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American Athletic Conference discussing Wichita State, other expansion options, according to report

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Dayton and VCU have been floated as other candidates.

NCAA Basketball: Missouri State at Wichita State Peter G. Aiken-USA TODAY Sports

Officials at American Athletic Conference schools have discussed expansion, specifically the possibility of adding Wichita State, according to a report on Thursday from TMG College Sports’ Mark Blaudschun.

The goal, Blaudschun reports, is to raise the conference’s basketball profile, which has been a consistent concern since the Big East morphed into the AAC in 2013.

Though expansion discussions are focused on the Shockers, who play in the Missouri Valley Conference, Dayton and VCU have also been floated as possibilities.

The AAC is currently at 12 football members and 11 members for basketball. Wichita State could potentially come aboard full-time, if it decides to bring back football, an idea the university has been toying with. If that doesn’t happen, though, the Shockers could join as non-football members. Dayton and VCU would be non-football as well, since they do not sponsor FBS football programs.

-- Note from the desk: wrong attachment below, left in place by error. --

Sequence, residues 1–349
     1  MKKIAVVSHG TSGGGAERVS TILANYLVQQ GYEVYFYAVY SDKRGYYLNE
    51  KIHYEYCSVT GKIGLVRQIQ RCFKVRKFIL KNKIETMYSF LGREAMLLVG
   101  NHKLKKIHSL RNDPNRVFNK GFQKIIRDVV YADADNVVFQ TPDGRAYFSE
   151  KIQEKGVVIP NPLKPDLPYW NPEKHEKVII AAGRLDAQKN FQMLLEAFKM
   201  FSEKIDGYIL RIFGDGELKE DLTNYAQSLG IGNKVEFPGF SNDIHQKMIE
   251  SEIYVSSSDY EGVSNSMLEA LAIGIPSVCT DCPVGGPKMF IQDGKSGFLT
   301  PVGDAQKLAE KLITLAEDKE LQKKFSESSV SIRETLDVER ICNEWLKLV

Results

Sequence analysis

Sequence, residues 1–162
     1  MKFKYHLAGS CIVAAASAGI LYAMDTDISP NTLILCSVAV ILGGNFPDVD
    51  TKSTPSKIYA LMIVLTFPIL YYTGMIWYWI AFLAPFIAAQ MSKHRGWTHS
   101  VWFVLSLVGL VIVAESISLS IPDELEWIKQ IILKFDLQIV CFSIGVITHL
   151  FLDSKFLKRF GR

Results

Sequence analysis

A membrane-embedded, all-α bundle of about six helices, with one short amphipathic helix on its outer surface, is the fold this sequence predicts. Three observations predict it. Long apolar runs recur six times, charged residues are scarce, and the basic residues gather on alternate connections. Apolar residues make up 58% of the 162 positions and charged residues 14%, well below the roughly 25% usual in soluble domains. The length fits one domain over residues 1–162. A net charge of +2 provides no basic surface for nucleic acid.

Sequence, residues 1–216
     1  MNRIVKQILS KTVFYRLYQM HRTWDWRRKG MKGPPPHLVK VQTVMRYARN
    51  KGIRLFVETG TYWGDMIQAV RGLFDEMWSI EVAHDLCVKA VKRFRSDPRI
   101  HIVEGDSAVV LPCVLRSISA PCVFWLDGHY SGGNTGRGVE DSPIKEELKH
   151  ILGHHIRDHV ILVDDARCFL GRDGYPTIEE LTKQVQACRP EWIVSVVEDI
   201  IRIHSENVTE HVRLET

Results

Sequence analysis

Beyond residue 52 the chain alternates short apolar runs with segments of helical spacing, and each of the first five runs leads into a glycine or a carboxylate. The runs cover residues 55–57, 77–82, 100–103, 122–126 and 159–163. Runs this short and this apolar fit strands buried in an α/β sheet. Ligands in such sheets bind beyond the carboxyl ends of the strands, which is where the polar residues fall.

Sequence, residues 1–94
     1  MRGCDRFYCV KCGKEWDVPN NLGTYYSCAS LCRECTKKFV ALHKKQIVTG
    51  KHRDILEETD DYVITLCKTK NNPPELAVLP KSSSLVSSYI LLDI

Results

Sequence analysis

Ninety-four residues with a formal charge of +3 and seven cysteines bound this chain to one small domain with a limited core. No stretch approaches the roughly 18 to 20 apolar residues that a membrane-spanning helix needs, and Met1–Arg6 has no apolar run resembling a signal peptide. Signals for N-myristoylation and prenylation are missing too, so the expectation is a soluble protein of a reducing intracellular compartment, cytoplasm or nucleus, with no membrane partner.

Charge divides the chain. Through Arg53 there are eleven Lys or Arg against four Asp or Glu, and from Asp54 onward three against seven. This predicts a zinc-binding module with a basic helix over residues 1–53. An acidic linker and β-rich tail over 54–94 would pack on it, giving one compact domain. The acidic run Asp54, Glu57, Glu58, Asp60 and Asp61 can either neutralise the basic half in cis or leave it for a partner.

It’s no secret that the American Athletic Conference is looking to boost its profile. UConn, its most valuable basketball brand, has totally-not-but-also-we-know-they-totally-have-been flirting with the Big East about possibly moving its non-football programs there. Whether the Huskies leave or not, the league is desperate for money, and could use an additional basketball power to increase revenue. That could come both in the form of a more lucrative TV contract and in more NCAA Tournament shares over time.

If you want an idea of how desperate the AAC is, just look at this not-at-all-thirsty promo the league has been airing this year:

Or the banner on their YouTube page:

It’s doubtful that Wichita State, Dayton, or VCU could elevate the AAC to the status of a power conference, but it would certainly help schools earn a few extra bucks.

To the surprise of no one, sources both from the AAC and potential expansion candidates refused to comment on the record.

Stay tuned.